Notts County's title but Rochdale's triumph
At Meadow Lane.
Notts County all but secured the League Two title with their deserved victory over Rochdale on Tuesday, but the greater achievement this season still rests with the visitors.
Rochdale, like County, secured automatic promotion last Saturday. In doing so they ended a 36-year tenure in the bottom tier of English football. One of the football's most unwanted statistics was laid to rest.
Youngsters who experienced Dale's relegation in 1974 are mature adults now, many of whom were reduced to tears when their team's 1-0 win over Northampton ensured they will play League One football next season.
Nick Brierley has not missed a Rochdale game since 1987 and was one of the tearful grown men at Spotland.
On Saturday evening he travelled the short distance from the ground to 'headquarters', known to the rest of us as The Cemetery pub. The landlady put on a spread and later in the evening the club's chairman Chris Dunphy and his fellow directors turned up and joined in with the celebrating, singing and hugging.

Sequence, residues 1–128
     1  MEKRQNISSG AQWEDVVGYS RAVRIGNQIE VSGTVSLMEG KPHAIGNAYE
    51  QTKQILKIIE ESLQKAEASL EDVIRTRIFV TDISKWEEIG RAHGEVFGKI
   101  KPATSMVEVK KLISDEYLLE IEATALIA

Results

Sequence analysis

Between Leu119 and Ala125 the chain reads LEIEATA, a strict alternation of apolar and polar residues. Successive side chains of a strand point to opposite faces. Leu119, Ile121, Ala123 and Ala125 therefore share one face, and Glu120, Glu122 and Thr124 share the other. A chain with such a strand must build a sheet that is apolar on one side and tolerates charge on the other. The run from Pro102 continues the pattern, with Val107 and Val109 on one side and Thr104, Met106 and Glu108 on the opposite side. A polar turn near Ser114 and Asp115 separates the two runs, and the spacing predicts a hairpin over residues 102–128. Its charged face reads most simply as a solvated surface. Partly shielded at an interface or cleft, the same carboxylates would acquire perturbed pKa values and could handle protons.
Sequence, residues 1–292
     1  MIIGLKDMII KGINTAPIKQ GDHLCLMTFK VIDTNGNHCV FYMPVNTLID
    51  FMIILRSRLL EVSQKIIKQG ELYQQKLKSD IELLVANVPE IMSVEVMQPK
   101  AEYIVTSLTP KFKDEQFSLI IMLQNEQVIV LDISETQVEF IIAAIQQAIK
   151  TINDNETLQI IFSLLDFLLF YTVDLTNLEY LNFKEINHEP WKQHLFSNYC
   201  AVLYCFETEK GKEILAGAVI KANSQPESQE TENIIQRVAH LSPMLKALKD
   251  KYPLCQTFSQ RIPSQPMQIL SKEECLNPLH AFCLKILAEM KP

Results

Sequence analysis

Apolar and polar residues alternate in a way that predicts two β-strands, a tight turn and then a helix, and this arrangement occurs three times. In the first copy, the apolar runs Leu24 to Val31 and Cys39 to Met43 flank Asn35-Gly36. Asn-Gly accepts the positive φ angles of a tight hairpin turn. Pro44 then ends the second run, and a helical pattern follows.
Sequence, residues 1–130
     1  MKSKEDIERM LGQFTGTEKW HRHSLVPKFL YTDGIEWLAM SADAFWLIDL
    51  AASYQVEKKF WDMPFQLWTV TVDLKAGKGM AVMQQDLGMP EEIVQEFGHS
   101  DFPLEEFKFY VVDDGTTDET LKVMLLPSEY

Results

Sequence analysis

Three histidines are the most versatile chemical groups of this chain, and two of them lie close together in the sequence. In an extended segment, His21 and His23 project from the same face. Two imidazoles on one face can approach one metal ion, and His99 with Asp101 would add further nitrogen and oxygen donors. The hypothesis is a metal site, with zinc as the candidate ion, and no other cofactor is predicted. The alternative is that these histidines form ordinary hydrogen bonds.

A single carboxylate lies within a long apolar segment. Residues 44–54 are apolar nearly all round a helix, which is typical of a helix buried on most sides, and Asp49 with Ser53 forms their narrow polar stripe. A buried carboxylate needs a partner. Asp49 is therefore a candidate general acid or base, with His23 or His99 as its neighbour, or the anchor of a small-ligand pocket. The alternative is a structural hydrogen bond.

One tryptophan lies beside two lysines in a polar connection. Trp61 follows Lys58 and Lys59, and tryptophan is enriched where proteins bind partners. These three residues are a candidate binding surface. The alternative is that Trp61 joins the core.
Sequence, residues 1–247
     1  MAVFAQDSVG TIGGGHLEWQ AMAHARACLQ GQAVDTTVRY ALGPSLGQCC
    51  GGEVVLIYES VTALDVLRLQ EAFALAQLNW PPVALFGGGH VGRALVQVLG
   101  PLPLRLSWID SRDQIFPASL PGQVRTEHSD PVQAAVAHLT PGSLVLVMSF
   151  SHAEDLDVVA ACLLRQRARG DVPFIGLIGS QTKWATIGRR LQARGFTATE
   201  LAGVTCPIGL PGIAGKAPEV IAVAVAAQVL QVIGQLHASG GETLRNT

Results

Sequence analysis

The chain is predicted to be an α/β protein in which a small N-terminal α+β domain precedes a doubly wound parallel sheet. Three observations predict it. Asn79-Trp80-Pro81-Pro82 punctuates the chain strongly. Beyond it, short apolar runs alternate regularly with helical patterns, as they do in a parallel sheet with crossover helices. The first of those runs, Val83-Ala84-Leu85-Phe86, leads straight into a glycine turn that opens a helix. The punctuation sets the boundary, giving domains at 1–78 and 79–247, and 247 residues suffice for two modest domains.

It must have been an evening of the greatest, purest pleasure; the sort that follows so many years of underachievement and disappointment.
Rochdale's promotion prompted great scenes of celebration
As Brierley travelled down to Tuesday's match at Notts he explained to me how his years of loyal support had impacted upon his expectations. I suspect it is a sentiment that chimes with fans of many clubs.
"Supporting Rochdale is a lesson for life in that you learn to accept disappointment," said the affable Brierley. "We are quite a stoical breed and have come to expect failure. Even in recent weeks when we were on the verge of going up there was always doubt."
Until Keith Hill took over as Dale manager in December 2006, bringing in David Flitcroft as his assistant, Brierley always thought that Rochdale would only ever leave the fourth tier by slipping down rather than climbing out - but there can be no doubt that his team deserve their promotion.
They were blunt in attack at County and, truth be told, just one goal in their last five games illustrates how their form has fallen away over recent weeks. But nonetheless there were glimpses on Tuesday of the measured possession football that Hill's team have displayed so often this season.